Andy Murray: Tennis helped me escape the horrors of Dunblane school massacre

Murray and his brother Jamie were in school in March 1996 when Hamilton shot and killed young pupils before turning the gun on himself.
Murray and his brother Jamie were in school in March 1996 when Hamilton shot and killed young pupils before turning the gun on himself.
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Andy Murray has told how he knew the gunman who shot dead 16 children and a teacher in the Dunblane school massacre - and even shared a car with him.

The tennis champion, who was nine at the time of the shooting, said he attended killer Thomas Hamilton's kids clubs.

He told film-maker Olivia Cappuccini: "You asked me a while ago why tennis was important to me. Obviously I had the thing that happened at Dunblane. When I was around nine.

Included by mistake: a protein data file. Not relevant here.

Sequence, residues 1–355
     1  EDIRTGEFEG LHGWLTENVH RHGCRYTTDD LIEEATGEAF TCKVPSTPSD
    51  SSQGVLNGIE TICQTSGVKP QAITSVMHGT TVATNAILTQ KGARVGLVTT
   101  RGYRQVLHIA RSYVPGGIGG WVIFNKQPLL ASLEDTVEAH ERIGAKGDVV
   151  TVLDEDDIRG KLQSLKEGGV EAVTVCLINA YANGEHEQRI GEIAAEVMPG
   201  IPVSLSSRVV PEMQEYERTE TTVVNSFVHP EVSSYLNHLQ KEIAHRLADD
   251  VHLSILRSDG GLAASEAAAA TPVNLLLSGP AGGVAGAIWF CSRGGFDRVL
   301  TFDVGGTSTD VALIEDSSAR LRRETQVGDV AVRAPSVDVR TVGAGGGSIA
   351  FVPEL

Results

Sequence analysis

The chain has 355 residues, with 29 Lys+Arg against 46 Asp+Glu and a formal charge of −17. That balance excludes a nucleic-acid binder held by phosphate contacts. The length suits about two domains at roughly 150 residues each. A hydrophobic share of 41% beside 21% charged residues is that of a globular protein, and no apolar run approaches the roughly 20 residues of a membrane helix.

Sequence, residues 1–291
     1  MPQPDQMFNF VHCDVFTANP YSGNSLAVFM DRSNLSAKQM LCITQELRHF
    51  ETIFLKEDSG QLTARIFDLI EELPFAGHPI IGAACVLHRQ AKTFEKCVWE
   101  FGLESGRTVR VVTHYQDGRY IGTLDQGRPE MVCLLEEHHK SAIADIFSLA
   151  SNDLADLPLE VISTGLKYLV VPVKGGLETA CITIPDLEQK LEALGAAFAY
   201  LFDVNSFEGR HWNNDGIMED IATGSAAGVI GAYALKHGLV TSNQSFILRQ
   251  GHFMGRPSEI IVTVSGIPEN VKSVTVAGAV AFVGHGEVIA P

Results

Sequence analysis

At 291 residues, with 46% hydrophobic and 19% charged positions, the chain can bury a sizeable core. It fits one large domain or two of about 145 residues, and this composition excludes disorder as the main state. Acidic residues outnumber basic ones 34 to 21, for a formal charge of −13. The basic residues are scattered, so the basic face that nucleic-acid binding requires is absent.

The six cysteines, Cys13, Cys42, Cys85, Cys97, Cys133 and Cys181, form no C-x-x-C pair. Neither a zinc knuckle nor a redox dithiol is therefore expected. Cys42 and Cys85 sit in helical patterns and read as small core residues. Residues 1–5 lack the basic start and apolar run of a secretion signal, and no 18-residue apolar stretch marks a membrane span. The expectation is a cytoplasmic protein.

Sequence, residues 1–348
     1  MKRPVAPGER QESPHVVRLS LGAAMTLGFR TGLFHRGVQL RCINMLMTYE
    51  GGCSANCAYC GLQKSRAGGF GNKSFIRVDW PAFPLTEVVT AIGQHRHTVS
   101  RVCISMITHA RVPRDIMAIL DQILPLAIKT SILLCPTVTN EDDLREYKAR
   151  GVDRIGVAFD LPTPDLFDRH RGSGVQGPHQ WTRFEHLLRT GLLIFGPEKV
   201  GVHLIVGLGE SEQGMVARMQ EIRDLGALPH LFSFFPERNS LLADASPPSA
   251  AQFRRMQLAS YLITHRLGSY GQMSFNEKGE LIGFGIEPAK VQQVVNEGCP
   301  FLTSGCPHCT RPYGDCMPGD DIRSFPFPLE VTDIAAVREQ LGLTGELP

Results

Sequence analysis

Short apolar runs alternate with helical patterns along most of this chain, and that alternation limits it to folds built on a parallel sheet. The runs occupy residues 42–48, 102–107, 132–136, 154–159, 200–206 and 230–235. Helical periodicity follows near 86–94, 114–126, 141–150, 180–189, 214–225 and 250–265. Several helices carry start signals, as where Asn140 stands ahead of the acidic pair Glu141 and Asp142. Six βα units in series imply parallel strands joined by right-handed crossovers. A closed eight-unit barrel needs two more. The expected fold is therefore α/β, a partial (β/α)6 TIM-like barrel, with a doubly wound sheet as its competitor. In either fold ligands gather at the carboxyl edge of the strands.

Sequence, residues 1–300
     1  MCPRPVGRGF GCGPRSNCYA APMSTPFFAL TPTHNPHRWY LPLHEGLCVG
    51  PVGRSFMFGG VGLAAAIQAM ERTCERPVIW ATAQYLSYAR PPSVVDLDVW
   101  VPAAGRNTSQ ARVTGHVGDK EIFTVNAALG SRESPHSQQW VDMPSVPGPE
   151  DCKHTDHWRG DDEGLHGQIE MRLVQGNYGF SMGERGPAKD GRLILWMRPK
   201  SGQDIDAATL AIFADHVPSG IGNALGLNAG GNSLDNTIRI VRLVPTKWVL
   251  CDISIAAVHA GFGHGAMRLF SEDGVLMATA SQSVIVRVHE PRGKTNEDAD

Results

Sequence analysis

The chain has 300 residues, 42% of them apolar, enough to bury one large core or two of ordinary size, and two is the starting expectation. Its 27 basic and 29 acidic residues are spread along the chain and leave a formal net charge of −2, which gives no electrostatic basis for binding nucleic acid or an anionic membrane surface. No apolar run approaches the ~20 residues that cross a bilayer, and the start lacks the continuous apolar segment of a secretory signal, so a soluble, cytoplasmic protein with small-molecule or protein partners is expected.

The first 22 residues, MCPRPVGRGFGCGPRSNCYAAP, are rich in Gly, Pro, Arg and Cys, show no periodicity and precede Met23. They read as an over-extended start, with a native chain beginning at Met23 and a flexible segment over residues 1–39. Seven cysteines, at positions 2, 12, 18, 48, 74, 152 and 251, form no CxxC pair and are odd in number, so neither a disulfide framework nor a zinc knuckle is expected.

He told film-maker Olivia Cappuccini: "You asked me a while ago why tennis was important to me. Obviously I had the thing that happened at Dunblane. When I was around nine.

Murray and his brother Jamie were in school in March 1996 when Hamilton shot and killed young pupils before turning the gun on himself.

He spoke about the tragedy for Amazon documentary 'Andy Murray: Resurfacing'. He found it too hard to speak face to face about the events, but left a voicemail for the director.

He told film-maker Olivia Cappuccini: "You asked me a while ago why tennis was important to me. Obviously I had the thing that happened at Dunblane. When I was around nine.

"I am sure for all the kids there it would be difficult for different reasons. The fact we knew the guy, we went to his kids club, he had been in our car, we had driven and dropped him off at train stations and things.'

"Within 12 months of that happening, our parents got divorced. It was a difficult time that for kids.

"And then six to 12 months after that, my brother also moved away from home. He went away to train to play tennis in Cambridge.

"We obviously used to do everything together. When he moved away that was also quite hard for me."

He opened up about his anxiety following the events.

He added: "When I was competing I would get really bad breathing problems.

"My feeling towards tennis is that it's an escape for me in some ways. Because all of these things are stuff that I have bottled up."

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